In the end, Body Double is a perfect reflection of the excessive 1980s. De Palma's leitmotif that "you can't believe your eyes" was especially resonant at the time. A Hollywood actor named Ronald Reagan had actually become President of the United States. And he very much brought Hollywood illusion and facade to the White House with him, excelling in stagecraft, if nothing else. Consider:
Reagan claimed to be a family values President...yet was the only divorced commander-in-chief in our nation's history.
Reagan was elected to reign in the Federal government...but on Reagan's watch the Federal government grew by 61,000 employees.
Reagan claimed to be a tax cutter...yet he signed into law the Tax Reform Act of 1986, the largest tax increase in American history at that point.
Reagan was "hired" by the American people to cut spending...but the national debt on his watch accrued to a staggering 2.7 trillion dollars, again, the highest total in history at that point.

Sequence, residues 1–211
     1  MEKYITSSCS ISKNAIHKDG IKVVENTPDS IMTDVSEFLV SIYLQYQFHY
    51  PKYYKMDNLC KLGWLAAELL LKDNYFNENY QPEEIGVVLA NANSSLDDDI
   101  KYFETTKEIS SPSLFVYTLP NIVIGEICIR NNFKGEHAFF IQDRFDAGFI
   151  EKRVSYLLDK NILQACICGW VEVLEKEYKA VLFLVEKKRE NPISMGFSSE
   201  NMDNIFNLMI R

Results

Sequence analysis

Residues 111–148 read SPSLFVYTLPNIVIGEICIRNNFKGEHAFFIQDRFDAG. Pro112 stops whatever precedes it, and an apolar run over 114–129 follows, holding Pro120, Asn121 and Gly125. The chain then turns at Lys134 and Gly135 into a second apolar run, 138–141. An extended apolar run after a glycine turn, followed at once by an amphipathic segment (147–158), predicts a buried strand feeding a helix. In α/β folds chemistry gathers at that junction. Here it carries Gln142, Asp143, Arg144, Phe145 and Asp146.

Reagan was supposed to be a resolute warrior, but what was Reagan's response to a terrorist truck bombing in Beirut, Lebanon, that killed 241 U.S. Marines? Two days later, he courageously ordered the military invasion...of a small island nation named Grenada!
Yet Reagan played his role perfectly...he was -- in essence -- the perfect "body double" for an authentic "conservative." It didn't matter that reality didn't match his rhetoric...because when he was on camera, we believed in him...even if the camera lied 24 times a second.
So in Body Double, as in American politics of the day, the audience finds it difficult to discern truth from fiction. Like Jake Scully, we were taken in by lies, paralyzed by our fears ("bombing begins in five minutes!"), distracted by sex and violence, and then waiting for the next directorial/presidential sleight-of-hand to make it all right again.
Because in Hollywood the ending is always happy, after all.
But caveat emptor: those fine, perfectly-formed breasts you have just ogled may not actually belong to Angie Dickinson.